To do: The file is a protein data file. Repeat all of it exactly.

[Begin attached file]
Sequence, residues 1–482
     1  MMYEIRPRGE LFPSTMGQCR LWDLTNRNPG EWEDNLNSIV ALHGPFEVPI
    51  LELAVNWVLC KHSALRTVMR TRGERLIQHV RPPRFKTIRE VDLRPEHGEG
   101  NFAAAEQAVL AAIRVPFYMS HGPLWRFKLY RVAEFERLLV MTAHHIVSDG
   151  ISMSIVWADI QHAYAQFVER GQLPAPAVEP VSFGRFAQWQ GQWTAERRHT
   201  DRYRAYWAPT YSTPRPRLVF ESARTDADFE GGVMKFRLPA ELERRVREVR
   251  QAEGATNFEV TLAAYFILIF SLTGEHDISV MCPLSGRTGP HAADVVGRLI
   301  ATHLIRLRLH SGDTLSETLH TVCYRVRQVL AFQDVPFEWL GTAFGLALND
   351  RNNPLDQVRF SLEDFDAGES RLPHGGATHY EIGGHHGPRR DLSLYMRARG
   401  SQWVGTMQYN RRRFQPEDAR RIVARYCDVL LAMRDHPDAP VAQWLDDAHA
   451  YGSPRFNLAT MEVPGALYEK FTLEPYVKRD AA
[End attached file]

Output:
Sequence, residues 1–482
     1  MMYEIRPRGE LFPSTMGQCR LWDLTNRNPG EWEDNLNSIV ALHGPFEVPI
    51  LELAVNWVLC KHSALRTVMR TRGERLIQHV RPPRFKTIRE VDLRPEHGEG
   101  NFAAAEQAVL AAIRVPFYMS HGPLWRFKLY RVAEFERLLV MTAHHIVSDG
   151  ISMSIVWADI QHAYAQFVER GQLPAPAVEP VSFGRFAQWQ GQWTAERRHT
   201  DRYRAYWAPT YSTPRPRLVF ESARTDADFE GGVMKFRLPA ELERRVREVR
   251  QAEGATNFEV TLAAYFILIF SLTGEHDISV MCPLSGRTGP HAADVVGRLI
   301  ATHLIRLRLH SGDTLSETLH TVCYRVRQVL AFQDVPFEWL GTAFGLALND
   351  RNNPLDQVRF SLEDFDAGES RLPHGGATHY EIGGHHGPRR DLSLYMRARG
   401  SQWVGTMQYN RRRFQPEDAR RIVARYCDVL LAMRDHPDAP VAQWLDDAHA
   451  YGSPRFNLAT MEVPGALYEK FTLEPYVKRD AA